Wednesday, 22 May 2013
Post-War British professional wrestling reached the peak of it's fortunes during the early sixties. Apart from the weekly television exposure there were literally hundreds of live shows being put on in venues ranging in size from the local corn exchange or public baths to the Royal Albert Hall. At times the quality of the wrestling was such that it was almost possible to believe that the game really was as straight as table tennis, and certainly more straight than racing or politics. Some of the wrestlers became household names and none more so than welterweight champion Mick McManus.who died this morning aged 93. Archetypal wrestling villain and South London dodgy geezer with an interest in antiques, Mick was the epitome of the mat game. Turning pro in 1947 he had a career that spanned three decades. Such was the secretive nature of the business that McManus' true role was shrouded in mystery but it was generally acknowledged that as the Dale Martin "booker" or matchmaker he could make or break careers. Upset Mick and a wrestler could have a very lean time indeed. The product of a strange smoke and mirrors world of deceit, subterfuge and genuine hard men, Mick McManus was also that other paradox, a true died in the wool working-class Tory. Ah! well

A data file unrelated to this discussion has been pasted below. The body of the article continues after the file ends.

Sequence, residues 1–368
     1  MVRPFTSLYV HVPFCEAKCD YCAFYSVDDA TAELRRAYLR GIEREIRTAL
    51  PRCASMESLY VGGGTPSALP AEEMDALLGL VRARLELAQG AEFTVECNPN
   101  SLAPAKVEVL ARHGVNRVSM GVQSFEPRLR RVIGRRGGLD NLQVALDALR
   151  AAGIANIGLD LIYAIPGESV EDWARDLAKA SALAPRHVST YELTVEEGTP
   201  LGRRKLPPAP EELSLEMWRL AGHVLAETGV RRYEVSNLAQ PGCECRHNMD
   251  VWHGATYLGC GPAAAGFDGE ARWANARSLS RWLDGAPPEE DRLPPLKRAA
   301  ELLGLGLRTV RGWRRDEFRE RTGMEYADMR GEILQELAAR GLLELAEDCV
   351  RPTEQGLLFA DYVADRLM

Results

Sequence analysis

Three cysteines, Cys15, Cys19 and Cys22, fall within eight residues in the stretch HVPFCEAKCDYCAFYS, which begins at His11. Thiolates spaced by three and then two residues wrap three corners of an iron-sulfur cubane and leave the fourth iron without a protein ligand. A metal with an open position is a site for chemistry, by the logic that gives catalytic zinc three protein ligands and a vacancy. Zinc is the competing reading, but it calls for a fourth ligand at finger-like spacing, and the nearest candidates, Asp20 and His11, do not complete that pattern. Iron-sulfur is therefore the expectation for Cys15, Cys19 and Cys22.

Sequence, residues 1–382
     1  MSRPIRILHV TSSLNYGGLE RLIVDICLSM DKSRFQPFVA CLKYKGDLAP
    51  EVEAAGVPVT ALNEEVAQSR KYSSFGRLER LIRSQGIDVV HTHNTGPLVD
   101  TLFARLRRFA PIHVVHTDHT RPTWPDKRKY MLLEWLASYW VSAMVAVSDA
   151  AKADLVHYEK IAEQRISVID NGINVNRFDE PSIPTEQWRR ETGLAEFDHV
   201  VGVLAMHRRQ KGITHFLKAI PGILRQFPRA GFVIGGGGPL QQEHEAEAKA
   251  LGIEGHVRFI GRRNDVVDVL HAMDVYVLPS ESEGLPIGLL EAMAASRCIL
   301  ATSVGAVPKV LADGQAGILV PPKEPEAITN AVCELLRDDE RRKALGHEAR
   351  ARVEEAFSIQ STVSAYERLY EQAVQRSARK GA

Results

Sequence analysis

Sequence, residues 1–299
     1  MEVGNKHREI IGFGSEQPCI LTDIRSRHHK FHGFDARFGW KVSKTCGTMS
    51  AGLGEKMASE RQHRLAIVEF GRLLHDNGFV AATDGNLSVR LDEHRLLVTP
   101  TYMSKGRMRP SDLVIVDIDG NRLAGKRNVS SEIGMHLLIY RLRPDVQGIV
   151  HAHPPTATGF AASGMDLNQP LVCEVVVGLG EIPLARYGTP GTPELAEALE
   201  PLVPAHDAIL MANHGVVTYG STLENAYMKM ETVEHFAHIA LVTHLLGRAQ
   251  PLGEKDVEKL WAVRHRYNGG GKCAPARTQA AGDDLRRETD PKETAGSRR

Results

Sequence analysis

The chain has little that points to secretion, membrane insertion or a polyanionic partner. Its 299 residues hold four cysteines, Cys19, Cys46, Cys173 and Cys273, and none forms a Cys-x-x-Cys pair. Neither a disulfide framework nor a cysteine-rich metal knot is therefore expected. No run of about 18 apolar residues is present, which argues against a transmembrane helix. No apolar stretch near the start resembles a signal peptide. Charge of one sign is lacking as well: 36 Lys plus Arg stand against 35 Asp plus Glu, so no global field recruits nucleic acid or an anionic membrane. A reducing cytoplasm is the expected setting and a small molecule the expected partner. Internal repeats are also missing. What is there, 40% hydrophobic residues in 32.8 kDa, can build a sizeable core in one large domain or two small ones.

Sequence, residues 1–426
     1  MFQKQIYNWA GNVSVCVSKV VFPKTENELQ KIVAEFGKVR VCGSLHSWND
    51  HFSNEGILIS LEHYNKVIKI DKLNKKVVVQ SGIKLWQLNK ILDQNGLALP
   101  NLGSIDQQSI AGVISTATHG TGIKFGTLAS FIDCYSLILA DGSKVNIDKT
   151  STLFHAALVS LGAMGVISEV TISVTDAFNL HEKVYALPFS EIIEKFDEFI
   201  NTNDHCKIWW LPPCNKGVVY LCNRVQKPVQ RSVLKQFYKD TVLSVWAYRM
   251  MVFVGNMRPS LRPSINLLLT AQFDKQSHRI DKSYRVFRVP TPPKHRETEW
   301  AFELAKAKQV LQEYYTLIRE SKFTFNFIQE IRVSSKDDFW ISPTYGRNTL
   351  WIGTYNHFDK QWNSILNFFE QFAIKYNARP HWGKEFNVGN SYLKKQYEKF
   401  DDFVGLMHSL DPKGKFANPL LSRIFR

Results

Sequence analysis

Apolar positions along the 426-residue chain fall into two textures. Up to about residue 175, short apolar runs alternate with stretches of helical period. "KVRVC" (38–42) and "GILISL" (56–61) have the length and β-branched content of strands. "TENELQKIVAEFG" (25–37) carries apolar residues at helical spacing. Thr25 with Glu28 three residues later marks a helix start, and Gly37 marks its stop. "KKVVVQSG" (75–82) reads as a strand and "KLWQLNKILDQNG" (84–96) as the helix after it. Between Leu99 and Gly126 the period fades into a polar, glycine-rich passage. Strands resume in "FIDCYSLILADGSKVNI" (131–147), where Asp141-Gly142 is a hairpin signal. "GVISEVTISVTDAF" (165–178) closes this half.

Monday, 20 May 2013
"Henry" used to comment on this blog quite a lot at one time and I will be forever grateful to him for introducing me to the writings of the late Joe Bageant. There is so much about the USA to be outraged at or merely sniffily disapproving of, that it's easy to overlook the "other" America. The America of wobblies, freedom riders, and the hard working hard drinking folk who the East Coast intelligentsia look down on with such disdain. It's an America that was captured wonderfully by Joe Bageant and the country was the poorer for his passing
Saturday, 18 May 2013
Friday, 17 May 2013